The problem with hard SPF policies is if you have email which is forwarded via an alias expansion from a different domain.
eg - I have a domain foo.com with correct SPF headers applied.
I send an email to firstname.lastname@example.org which is an alias which expands to numerous addresses, one of which is email@example.com.
This email is therefore forwarded on by the mailserver at bar.com.
The mailserver at blueyonder.com checks the SPF records for foo.com, which says that mail should come from mailserver.foo.com. However, this email is being delivered from bar.com. If you have a hard SPF policy, this legitimate email will fail.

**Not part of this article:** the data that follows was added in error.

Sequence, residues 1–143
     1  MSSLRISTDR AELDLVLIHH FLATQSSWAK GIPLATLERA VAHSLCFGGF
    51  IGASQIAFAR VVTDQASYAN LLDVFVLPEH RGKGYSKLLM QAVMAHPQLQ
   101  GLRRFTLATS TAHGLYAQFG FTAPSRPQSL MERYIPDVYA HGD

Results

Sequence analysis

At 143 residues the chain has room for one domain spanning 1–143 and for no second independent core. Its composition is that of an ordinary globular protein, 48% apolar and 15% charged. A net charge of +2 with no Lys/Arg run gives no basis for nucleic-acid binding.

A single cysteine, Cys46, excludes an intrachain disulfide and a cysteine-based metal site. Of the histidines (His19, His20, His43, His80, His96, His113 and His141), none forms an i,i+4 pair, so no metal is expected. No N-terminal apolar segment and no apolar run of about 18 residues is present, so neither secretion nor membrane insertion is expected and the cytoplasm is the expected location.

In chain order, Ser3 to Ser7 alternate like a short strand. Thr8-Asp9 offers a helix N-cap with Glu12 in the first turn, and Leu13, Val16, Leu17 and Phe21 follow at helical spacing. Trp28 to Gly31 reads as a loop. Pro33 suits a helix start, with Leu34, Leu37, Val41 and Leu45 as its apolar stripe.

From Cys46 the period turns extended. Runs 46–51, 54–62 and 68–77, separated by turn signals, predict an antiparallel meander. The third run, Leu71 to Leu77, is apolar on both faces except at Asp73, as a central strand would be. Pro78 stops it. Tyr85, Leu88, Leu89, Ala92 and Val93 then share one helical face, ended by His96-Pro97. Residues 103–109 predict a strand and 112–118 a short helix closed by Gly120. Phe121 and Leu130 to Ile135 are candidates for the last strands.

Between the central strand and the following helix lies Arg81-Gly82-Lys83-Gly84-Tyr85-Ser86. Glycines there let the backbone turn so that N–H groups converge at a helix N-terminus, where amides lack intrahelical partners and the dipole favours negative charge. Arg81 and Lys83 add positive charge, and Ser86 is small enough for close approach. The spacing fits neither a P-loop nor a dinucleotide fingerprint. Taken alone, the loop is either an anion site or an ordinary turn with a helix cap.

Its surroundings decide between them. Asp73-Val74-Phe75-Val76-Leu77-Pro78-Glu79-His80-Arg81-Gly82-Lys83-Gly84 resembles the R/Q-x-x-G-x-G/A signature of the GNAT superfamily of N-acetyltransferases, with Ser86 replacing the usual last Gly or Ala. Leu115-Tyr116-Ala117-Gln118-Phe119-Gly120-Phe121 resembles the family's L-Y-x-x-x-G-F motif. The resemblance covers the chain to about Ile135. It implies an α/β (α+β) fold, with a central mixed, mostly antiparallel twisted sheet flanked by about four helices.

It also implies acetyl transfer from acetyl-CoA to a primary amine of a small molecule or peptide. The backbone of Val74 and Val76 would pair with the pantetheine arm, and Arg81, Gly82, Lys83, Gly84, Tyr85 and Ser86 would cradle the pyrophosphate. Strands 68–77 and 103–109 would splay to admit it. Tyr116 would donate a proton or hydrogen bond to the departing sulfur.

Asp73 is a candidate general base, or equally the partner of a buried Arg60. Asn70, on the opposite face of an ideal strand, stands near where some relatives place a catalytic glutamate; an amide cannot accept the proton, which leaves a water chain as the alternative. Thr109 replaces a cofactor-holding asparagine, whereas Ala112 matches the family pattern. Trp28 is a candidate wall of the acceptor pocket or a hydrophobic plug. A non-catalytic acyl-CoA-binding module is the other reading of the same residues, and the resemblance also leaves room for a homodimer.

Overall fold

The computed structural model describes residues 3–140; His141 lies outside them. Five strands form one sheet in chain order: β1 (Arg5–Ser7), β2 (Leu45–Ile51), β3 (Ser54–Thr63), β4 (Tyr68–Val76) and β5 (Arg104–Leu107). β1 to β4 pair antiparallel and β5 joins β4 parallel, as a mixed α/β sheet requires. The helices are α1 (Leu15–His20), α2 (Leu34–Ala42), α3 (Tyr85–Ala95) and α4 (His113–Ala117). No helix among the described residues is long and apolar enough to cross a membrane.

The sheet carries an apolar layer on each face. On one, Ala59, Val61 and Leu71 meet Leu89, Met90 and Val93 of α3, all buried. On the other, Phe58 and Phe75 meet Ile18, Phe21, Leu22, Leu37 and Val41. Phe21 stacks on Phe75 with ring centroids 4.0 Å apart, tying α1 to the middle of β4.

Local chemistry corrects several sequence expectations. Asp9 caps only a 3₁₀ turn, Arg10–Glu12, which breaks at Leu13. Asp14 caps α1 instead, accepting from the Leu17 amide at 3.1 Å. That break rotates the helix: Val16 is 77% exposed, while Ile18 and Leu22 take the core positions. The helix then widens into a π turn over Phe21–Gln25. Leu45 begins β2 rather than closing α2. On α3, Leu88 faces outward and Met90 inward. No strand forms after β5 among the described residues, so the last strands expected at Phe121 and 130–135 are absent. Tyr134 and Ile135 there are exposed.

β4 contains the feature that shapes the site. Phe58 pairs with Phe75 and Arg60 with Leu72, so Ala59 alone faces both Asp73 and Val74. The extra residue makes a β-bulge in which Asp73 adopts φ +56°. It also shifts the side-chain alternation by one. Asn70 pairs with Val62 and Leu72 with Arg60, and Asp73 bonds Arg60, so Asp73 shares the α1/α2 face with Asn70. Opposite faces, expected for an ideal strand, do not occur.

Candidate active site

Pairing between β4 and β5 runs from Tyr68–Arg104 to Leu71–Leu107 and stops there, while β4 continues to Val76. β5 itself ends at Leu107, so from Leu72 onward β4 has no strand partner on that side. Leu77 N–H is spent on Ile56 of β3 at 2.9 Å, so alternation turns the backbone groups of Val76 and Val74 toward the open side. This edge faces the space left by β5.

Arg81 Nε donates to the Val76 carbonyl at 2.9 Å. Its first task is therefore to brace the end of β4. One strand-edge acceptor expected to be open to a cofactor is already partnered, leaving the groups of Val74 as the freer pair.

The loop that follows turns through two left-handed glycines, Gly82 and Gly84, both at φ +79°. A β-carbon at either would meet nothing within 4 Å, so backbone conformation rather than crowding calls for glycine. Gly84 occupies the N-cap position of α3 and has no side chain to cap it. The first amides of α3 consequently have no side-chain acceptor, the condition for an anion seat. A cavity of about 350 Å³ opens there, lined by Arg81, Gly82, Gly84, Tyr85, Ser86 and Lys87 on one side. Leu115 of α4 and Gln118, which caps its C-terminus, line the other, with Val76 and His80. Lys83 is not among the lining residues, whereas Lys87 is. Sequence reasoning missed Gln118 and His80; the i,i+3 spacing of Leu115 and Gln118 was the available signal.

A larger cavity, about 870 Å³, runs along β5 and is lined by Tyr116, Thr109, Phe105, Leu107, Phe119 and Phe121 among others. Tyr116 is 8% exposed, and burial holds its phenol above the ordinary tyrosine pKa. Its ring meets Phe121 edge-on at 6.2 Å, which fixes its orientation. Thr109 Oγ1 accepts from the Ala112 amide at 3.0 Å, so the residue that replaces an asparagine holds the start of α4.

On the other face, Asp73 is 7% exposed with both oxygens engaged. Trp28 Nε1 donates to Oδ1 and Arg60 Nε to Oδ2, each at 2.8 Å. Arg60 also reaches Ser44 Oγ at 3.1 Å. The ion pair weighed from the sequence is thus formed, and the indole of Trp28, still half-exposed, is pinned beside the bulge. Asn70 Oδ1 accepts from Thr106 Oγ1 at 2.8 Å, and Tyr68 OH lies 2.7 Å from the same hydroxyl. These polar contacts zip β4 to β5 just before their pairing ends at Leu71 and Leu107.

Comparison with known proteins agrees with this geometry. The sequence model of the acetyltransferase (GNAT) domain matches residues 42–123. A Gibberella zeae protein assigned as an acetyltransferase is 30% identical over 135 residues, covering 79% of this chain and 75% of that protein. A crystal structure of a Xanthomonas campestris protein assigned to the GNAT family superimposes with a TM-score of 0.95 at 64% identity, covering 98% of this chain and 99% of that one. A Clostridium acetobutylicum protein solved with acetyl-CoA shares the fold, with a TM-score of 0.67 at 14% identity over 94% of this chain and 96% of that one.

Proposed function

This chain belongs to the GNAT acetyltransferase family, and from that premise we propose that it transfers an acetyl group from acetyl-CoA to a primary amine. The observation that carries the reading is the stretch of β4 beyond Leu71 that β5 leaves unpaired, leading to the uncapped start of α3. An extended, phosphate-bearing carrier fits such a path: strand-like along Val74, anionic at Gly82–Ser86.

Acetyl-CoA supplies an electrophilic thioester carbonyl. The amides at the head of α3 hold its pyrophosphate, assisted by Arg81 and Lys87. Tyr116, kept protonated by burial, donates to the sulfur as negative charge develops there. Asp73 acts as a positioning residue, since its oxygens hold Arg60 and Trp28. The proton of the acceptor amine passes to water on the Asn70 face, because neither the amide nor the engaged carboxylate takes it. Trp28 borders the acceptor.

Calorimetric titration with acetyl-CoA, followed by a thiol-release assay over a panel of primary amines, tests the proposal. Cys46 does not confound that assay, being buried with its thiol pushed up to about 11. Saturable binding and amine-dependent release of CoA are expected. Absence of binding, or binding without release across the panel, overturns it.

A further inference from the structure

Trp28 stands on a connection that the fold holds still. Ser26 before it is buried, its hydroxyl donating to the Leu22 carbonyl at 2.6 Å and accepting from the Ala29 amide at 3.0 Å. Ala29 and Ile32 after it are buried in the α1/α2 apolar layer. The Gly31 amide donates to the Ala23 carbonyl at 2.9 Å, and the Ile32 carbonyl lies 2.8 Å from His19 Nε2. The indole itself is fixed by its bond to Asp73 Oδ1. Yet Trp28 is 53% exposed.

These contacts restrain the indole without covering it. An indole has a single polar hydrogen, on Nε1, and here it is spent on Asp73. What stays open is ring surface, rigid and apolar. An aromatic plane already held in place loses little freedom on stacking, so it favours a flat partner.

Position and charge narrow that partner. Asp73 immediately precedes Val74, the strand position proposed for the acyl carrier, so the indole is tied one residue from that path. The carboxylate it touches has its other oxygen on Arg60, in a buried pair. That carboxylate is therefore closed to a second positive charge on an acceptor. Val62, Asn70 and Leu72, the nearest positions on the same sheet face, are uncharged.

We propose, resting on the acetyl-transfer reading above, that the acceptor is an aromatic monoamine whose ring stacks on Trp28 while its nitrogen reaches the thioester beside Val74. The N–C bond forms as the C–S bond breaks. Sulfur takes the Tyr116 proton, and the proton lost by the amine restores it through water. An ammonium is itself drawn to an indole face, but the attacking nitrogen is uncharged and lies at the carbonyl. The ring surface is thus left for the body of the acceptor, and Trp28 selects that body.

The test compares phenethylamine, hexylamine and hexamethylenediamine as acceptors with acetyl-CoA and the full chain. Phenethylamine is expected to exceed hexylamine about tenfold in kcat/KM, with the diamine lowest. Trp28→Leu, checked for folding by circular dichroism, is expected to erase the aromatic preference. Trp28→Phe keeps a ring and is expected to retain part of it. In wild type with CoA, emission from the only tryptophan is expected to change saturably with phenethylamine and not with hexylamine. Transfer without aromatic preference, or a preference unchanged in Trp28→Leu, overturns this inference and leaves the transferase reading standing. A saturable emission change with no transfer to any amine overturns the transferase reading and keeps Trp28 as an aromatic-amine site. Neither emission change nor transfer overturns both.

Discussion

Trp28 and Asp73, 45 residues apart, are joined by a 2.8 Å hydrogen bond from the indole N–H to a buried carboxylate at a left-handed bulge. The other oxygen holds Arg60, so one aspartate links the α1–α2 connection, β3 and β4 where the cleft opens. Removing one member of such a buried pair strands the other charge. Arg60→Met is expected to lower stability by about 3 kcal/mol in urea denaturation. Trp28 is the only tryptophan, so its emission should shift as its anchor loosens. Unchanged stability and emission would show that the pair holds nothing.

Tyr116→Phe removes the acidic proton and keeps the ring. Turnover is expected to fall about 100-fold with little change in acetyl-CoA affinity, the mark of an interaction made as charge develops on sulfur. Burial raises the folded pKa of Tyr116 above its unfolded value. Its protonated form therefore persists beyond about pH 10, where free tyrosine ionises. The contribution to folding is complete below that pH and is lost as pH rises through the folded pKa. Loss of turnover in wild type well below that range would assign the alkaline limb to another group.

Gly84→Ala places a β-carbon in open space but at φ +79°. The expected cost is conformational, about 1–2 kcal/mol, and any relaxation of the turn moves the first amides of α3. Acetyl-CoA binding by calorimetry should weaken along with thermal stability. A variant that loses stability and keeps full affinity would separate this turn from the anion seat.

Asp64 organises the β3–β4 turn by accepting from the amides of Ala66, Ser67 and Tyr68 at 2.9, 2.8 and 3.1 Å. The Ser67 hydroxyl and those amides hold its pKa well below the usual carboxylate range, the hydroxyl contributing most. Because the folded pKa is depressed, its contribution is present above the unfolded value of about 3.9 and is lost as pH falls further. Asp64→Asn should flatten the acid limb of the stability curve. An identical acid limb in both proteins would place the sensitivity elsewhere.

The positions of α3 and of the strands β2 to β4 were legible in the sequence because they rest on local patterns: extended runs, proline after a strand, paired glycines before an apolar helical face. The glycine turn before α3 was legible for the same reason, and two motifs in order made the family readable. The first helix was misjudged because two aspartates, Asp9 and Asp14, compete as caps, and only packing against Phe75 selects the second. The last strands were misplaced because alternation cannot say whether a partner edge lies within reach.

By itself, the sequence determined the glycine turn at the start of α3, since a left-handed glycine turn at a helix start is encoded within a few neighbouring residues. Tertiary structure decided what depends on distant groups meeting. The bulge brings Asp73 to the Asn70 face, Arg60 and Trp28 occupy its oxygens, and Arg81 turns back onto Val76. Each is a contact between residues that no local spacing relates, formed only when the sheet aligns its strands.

The problem is that no one email provider controls the whole chain, and forwarding could come from many locations.
SPF is useful as an indicator for spam filtering, but if you implement a hard rule, you will have false positives that you can't work around - they never even reach the spam filter of the recipient.
Nice idea, but doesn't cope with the way that legacy systems work. And much of the internet email infrastructure is legacy.